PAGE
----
Failure to properly establish the left–right (L/R) axis is a major cause of congenital heart defects in humans, but how L/R patterning of the embryo leads to asymmetric cardiac morphogenesis is still unclear. We find that asymmetric Nodal signaling on the left and Bmp signaling act in parallel to establish zebrafish cardiac laterality by modulating cell migration velocities across the L/R axis. Moreover, we demonstrate that Nodal plays the crucial role in generating asymmetry in the heart and that Bmp signaling via Bmp4 is dispensable in the presence of asymmetric Nodal signaling. In addition, we identify a previously unappreciated role for the Nodal-transcription factor FoxH1 in mediating cell responsiveness to Bmp, further linking the control of these two pathways in the heart. The interplay between these TGFβ pathways is complex, with Nodal signaling potentially acting to limit the response to Bmp pathway activation and the dosage of Bmp signals being critical to limit migration rates. These findings have implications for understanding the complex genetic interactions that lead to congenital heart disease in humans.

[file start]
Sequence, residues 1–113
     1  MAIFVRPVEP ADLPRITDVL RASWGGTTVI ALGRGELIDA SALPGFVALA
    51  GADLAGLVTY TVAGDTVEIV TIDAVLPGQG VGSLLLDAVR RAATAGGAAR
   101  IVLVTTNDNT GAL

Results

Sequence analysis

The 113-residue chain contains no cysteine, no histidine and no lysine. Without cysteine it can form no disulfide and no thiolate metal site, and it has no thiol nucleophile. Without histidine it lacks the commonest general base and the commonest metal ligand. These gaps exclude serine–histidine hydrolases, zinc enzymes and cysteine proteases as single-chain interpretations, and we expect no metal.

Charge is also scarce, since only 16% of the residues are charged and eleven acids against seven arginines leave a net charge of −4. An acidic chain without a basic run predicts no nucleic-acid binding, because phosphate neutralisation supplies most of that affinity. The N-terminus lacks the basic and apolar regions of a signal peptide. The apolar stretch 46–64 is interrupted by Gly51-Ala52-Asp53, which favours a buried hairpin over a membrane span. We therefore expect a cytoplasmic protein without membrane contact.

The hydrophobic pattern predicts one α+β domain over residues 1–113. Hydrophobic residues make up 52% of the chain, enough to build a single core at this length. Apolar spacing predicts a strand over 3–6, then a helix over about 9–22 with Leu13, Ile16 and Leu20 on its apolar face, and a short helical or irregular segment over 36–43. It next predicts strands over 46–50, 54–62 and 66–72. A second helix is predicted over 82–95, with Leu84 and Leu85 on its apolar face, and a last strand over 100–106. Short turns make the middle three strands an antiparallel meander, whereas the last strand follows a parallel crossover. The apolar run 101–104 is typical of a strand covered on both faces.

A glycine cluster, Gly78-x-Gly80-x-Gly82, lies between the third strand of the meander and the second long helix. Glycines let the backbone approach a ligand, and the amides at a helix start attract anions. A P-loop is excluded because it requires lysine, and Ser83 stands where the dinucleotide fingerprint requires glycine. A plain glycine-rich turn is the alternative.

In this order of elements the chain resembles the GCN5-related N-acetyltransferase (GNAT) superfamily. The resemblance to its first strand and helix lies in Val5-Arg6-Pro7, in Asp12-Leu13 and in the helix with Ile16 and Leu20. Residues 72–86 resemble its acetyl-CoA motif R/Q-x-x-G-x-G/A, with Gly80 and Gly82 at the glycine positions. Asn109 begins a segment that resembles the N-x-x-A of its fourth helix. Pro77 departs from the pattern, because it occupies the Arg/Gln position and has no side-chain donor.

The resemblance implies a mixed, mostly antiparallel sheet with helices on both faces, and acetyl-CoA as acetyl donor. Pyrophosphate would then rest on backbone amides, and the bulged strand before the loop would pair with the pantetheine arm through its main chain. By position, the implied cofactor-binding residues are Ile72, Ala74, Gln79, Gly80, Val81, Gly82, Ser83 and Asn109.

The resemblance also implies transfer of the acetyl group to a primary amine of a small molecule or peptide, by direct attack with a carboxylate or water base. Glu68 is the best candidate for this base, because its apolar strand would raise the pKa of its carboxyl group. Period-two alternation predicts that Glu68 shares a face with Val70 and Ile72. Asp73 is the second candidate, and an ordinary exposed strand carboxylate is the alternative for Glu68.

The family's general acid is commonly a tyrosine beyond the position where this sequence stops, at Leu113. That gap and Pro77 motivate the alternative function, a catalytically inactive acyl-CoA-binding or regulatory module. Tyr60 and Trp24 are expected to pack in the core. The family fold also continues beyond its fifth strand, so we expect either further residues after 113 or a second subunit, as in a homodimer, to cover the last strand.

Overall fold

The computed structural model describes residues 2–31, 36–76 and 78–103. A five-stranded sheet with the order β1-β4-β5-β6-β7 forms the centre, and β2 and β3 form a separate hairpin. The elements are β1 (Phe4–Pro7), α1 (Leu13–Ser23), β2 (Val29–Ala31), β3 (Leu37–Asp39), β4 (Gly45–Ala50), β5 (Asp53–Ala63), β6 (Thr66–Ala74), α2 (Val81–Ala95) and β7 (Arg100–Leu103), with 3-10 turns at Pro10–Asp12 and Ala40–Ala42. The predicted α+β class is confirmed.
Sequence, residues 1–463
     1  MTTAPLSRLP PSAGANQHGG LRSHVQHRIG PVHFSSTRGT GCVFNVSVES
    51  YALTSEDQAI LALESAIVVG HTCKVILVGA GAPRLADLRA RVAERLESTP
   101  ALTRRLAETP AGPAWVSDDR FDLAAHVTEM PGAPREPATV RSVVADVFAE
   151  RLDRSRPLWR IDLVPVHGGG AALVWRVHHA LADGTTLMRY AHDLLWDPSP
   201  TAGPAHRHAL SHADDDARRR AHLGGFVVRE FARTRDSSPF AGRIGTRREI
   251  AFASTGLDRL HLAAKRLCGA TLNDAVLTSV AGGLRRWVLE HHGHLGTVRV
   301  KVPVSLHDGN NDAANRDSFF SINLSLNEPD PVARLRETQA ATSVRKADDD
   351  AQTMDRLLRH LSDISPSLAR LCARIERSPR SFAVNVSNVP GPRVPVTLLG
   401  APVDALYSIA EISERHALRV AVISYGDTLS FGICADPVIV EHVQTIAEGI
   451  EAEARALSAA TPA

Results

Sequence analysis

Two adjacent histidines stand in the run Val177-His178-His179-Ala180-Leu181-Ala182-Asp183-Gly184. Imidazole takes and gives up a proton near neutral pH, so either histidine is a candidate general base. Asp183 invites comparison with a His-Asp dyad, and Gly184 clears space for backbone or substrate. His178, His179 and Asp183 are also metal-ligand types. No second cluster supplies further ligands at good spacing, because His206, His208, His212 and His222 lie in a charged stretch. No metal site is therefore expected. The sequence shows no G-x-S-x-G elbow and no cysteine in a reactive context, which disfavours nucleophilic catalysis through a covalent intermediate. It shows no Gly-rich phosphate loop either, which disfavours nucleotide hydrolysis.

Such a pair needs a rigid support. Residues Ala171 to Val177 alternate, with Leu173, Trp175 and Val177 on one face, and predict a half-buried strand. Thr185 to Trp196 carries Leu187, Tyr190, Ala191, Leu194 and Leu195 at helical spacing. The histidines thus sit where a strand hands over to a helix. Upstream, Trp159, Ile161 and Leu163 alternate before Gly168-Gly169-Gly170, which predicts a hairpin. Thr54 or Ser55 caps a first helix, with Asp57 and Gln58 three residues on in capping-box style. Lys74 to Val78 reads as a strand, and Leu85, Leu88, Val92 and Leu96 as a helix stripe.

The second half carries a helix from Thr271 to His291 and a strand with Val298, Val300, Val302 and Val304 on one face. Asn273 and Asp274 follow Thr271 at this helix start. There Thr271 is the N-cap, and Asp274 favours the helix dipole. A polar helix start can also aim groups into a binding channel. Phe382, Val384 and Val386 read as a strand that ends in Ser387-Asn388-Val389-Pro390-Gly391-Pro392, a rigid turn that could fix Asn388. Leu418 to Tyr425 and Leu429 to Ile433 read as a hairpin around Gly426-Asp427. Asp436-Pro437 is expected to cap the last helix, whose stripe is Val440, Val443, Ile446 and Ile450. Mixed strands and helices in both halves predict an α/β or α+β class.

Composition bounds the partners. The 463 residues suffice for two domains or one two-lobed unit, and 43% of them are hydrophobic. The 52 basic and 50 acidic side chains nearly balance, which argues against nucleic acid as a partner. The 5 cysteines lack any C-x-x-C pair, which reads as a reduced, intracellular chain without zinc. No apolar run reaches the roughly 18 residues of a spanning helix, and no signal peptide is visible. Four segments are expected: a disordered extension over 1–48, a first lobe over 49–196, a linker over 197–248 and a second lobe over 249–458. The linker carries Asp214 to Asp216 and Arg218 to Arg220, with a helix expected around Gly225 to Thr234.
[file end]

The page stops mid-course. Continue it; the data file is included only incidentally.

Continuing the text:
Lenhart, K. F., Holtzman, N. G., Williams, J. R. & Burdine, R. D. (2013). Integration of Nodal and BMP Signals in the Heart Requires FoxH1 to Create Left–Right Differences in Cell Migration Rates That Direct Cardiac Asymmetry. PLoS Genetics, 9(1), e1003109. doi:10.1371/journal.pgen.1003109.